Awesomely bad movies come in combinations of three main elements. There’s schlock – the low-brow reveling of explosions, breasts and gore; failure – attempts to cash in on or ape the substance of well regarded films; and myopia – the eccentric, often ego driven and self funded, delusions of a filmmaker. Until yesterday I would have wagered limbs (starting with the left leg of course, for lack of driving purposes) that The Room’s example of myopia was terminal… but then came Fateful Findings…
Neil Breen’s written, directed, produced by and starred in film is so thoroughly detached from reality that it makes Tommy Wiseau our peer, a regular joe six pack… (Can I make a request? Can drinking a six pack a day be a synonym for alcoholism not average? Ok, cool)… a regular Joe one pack on the couch beside us in his chuckles; a thought that should give the man on the Clapham omnibus enough vertigo to head earthward, ca-chunking beneath its wheels. There are things a reasonable man should not be expected to rethink, take Hitler for example (as he most often is). He’s the Kleenex of immorality, an easy X axis we can trace in our sleep, and it helps. If there’s a universal culture it’s not far removed from Hitler hate, and the only thing we’d hate more is to lose it. It’s not that we can’t part from the generic from any inarticulate laziness, like our because because of cusswords, as if our talking heads won’t be able to corner each other without his taboo, or that the world would turn to chaos if I say fetch me a tissue, and you look at me for a dumb moment, what?, and repeating myself with gestures you realize, oh, where I come from we call ‘em Whipe-ups. Tomato, to goulash. No, it’s because you really can question yourself into mute indifference, to the point of anthropophagy pronged on your fork of conjecture. I’m in a book club where every meeting, whether we started from World War II or hot dog vending, invariably we come to the question of Why is murder even wrong? It’s a question that unfortunately takes less casuistry to get into than out of (at least for one of us, Gary!) and without this baseline moral the woven word in a reading of Charlotte’s Web is euthanasia. It might not seem like a big deal, but friction in a book club over the purpose of killing has reached a rather serious pitch in the Middle Eastern world.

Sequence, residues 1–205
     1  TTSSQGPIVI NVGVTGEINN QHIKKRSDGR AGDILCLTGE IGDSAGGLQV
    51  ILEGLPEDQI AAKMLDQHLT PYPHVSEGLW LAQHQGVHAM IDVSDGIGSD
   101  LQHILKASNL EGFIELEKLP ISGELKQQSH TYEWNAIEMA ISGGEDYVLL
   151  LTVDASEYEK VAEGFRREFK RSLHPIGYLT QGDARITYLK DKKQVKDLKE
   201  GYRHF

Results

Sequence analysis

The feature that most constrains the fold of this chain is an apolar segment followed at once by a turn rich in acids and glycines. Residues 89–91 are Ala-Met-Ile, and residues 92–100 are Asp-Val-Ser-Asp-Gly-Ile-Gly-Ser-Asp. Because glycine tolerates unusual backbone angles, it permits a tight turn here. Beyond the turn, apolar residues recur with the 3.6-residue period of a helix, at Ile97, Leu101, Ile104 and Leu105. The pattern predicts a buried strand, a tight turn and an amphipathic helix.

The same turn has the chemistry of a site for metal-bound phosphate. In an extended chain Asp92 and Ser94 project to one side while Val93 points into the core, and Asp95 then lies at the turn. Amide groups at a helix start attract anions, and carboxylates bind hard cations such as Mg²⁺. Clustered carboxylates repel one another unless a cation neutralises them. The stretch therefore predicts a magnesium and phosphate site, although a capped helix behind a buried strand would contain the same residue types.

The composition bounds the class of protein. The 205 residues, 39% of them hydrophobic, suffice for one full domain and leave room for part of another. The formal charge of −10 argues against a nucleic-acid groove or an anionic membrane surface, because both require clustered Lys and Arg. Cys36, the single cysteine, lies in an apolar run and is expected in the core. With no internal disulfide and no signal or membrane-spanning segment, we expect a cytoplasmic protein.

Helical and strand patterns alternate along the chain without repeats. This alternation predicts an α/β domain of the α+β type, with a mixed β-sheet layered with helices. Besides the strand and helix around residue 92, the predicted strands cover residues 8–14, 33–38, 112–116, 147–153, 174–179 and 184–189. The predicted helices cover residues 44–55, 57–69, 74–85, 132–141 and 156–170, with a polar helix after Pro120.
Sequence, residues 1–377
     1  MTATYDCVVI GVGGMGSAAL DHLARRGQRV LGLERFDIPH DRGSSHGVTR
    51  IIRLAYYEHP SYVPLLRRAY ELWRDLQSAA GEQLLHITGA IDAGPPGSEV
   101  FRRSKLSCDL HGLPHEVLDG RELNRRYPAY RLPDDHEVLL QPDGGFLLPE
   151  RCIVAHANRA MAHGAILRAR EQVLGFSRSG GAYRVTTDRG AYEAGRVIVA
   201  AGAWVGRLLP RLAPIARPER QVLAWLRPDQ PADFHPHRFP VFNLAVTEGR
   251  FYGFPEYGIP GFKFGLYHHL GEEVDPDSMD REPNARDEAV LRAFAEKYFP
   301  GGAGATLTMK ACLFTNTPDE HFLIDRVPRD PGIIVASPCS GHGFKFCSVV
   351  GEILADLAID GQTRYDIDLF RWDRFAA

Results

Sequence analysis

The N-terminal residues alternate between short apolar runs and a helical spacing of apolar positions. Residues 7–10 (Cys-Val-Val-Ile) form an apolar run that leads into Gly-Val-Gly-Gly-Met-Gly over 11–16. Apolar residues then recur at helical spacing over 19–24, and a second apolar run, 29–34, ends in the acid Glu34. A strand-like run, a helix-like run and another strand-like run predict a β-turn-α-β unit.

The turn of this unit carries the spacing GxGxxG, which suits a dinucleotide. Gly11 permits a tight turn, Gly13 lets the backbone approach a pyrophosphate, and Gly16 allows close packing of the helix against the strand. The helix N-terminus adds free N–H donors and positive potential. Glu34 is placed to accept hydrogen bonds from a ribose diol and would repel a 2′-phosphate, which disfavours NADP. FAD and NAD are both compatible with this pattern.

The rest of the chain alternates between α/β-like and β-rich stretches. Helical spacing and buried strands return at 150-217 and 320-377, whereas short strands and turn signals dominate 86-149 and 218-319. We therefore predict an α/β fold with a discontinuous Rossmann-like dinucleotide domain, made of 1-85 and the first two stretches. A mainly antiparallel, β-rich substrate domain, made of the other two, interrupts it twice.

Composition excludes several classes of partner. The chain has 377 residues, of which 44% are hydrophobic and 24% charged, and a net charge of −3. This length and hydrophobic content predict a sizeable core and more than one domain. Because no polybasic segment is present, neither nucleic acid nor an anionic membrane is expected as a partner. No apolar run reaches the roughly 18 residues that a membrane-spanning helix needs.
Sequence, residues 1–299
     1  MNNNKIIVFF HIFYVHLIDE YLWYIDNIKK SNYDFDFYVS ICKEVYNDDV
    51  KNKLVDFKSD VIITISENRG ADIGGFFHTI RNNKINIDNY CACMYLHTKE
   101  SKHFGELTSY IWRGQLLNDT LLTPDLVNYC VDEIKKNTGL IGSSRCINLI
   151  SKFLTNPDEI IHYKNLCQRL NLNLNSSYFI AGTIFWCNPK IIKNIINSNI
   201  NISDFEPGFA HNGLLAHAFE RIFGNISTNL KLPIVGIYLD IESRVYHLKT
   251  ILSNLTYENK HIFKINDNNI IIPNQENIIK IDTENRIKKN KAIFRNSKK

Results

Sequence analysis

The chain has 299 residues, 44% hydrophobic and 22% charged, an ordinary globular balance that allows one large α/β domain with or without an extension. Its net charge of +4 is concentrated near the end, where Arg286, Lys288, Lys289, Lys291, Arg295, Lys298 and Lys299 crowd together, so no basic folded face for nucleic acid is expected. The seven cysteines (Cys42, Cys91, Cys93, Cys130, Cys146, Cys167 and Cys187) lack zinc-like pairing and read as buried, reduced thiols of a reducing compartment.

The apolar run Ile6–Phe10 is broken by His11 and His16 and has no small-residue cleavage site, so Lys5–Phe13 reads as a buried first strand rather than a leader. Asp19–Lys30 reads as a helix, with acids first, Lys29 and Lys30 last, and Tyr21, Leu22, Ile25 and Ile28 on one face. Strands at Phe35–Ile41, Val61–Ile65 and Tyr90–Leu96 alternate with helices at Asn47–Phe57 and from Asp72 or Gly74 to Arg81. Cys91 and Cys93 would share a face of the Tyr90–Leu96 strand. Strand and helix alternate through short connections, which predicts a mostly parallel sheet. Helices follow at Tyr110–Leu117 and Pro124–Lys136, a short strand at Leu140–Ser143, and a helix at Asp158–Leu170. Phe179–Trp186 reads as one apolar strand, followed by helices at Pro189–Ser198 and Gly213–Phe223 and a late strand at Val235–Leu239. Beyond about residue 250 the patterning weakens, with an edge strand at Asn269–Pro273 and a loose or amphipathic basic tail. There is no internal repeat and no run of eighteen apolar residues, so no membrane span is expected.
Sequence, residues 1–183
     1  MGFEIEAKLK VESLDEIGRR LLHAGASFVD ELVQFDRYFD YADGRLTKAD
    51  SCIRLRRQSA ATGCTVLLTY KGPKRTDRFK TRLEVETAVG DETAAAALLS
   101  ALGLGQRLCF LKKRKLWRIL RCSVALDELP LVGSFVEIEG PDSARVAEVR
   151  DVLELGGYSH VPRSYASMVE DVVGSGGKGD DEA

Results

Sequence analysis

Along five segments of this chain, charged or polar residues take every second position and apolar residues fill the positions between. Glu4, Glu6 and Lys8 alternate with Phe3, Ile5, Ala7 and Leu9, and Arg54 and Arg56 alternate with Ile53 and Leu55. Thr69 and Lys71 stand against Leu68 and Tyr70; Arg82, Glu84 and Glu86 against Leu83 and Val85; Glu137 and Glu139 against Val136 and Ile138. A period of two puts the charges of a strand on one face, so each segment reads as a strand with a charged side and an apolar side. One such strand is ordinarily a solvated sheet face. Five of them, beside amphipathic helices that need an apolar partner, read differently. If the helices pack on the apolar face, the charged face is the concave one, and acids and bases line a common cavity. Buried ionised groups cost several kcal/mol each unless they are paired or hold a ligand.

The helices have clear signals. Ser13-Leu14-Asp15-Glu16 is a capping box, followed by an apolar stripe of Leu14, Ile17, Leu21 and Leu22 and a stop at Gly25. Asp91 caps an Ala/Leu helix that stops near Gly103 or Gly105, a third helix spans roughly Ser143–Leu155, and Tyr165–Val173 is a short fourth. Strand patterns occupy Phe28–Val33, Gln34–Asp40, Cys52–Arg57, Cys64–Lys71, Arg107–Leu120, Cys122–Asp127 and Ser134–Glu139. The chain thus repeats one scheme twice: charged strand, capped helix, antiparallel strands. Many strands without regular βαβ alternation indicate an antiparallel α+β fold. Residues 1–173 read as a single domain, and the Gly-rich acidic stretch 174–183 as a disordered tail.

Well, that’s more than enough perspective. Pretty sure I can stand to deal with the unpiphany of Neil Breen in my air conditioned and cotton comfort. As nice as it would be to finally know something for fact, even rock bottom, this at least is a wonderful confusion.
Nearly everything about Fateful Findings is wrong. Only once did I think, yes, that’s how a human would react, would speak, would even move their body. I have to respect Breen as a director, you don’t just luck into a failure rate that high. I mean how do you coach a child into losing their motor skills? How? Well, Breen put all of evolutionary nature on hold, pulling off that very miracle just four and half minutes in, when a girl waves goodbye with absolute uniqueness: a bizarre fin with poor blood flow, hiccuping in the wind. And everything is like that! Neil Breen is a warlock conjuring the awkward avantgarde.
I had other ideas before settling on warlock. Breen has the disconcerting lear of a cult leader, so I thought perhaps his lifeless and redundant speech were brainwashing out these automations, a monkey see human do level of willful ignorance. This theory was put to bed by the fact that there was room for it there. From the first kiss you can tell that Breen is not taking sexual advantage of his co-”stars,” as his nibbling makes the late Robert Z’dar look like The Bachelor. No cult leader worth his weight in phenobarbital doesn’t have their constituent genitals wrapped around a little finger, be it lascivious or in abstinence – hell, you could barely pass for a politician – so that one is right out.